I am a staunch defender of the Second Amendment. I value my right to keep and bear arms and will defend it to the death. I'm a proud gun owner, a life member of NRA and more likely than not to have a gun on me or nearby during most of the day or night. That's why it seemed strange to me that there was the concentrated umbrage about this op-ed piece in the Wall Street Journal:
She's No Knee-Jerk Hoplophobe
The photo in the hard copy of the newspaper was captioned below the author's portrait with "I don't wash windows. When they get dirty I shoot them out." That may have been the only questionable aspect of the item for a gun lover.
I had read the blogs on the item and was a bit astonished at the folks who characterized her as an East Coast liberal gun-grabber. When my daily fix of realistic journalism arrived with the mailman, I read the full column and couldn't come to that conclusion at all.
What I got was a mature adult looking at the rash of open carry advocacy displays which are fueling the anti-gun crowd and reinforcing the perception that gun owners are fantasy driven cowboys with a Freudian penis inferiority issue who are liable to start spraying lead through the streets of the nation at the slightest provocation. That simply does us no good.
Certainly we have a right to exercise our legal freedoms whenever and wherever we wish. I will not question that or challenge it for any other individual even when I disagree with them. In all of the locations where the open carry advocacy displays have occurred it is perfectly legal to do that. But being a legal right does not make it an obligation. Simply because you can does not mean that you should.
I've been a gun owner, both long guns and handguns, for fifty years now. I'm comfortable with guns and gun owners. But, I'll still confess that many years ago when I first encountered someone exercising their legal open carry privileges in Arizona, I was somewhat taken aback. Nothing wrong with it, of course. But why?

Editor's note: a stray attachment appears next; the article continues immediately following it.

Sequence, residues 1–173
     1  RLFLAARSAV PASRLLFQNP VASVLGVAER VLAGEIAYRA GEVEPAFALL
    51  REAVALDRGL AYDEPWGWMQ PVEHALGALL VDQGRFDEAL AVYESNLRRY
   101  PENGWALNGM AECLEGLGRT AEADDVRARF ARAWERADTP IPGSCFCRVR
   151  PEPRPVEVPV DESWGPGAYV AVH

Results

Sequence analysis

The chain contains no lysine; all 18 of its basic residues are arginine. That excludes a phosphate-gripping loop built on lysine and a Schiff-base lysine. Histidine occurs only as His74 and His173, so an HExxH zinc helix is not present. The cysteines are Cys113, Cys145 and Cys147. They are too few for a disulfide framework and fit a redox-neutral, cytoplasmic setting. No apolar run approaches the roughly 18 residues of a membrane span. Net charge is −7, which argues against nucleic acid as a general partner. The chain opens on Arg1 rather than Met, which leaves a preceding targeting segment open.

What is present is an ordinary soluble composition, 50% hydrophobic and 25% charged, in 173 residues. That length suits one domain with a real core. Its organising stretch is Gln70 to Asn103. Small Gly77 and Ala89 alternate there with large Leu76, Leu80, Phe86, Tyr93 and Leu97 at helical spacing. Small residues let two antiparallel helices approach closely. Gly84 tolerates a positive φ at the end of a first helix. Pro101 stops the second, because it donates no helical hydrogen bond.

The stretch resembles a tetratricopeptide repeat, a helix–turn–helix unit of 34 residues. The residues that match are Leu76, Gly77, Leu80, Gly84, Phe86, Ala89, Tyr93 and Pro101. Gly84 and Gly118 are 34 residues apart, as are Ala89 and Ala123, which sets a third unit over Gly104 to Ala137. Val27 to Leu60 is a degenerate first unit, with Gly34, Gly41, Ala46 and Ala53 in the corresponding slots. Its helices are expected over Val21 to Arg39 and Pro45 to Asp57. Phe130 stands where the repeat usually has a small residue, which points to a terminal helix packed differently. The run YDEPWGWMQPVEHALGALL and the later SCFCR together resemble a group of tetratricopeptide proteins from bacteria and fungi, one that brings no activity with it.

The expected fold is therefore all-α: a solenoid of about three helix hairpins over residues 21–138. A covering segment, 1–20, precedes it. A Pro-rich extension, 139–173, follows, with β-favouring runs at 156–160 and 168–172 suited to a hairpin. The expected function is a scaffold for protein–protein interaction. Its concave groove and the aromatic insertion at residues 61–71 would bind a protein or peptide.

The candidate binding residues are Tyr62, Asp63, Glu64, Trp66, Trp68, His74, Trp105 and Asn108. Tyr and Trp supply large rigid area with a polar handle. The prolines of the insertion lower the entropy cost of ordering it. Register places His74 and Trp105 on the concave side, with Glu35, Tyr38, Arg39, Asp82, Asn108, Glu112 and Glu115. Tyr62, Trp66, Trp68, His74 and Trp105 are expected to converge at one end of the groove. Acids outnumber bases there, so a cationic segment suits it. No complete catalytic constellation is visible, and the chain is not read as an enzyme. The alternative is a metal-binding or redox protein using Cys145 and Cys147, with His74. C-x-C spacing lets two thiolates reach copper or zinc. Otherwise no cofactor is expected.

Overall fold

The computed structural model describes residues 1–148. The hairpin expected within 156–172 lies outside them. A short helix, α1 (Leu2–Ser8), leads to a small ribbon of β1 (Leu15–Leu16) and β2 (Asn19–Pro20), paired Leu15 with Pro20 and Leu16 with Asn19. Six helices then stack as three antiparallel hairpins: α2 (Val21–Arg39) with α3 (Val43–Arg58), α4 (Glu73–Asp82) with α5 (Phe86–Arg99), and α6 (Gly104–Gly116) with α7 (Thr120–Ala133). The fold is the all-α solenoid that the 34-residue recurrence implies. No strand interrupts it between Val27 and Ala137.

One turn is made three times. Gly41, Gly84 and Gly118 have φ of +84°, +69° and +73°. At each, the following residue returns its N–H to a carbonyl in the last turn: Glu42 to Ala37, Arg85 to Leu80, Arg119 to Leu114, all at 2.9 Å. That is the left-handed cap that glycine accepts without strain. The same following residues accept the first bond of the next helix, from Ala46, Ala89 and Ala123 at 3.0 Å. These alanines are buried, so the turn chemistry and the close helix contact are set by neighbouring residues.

I love concealed carry and fortunately have lived all of my life in states which have been conducive to the practice, at least since growing up and watching Chicago fade in my rear-view mirror at age 21. It has meant that I've always got the means of defense at hand and don't need to become a victim for some goblin with an IQ of 78.
The key for me is that you don't know who is carrying and when. You don't know where their weapon is. You can't make a grab for it. I like concealed carry.
Open carry is a legal privilege in many jurisdictions but an honest appraisal means that we recognize that many folks would be uncomfortable with it. Certainly we might be serving the purpose of familarizing them with guns and we might eventually desensitize them. But, we might also be reinforcing them and giving them ammunition, at least rhetorically, for their gun control agenda.
Frankly, I see it as a battle we don't need to fight at this time. It is one which we can't possibly win.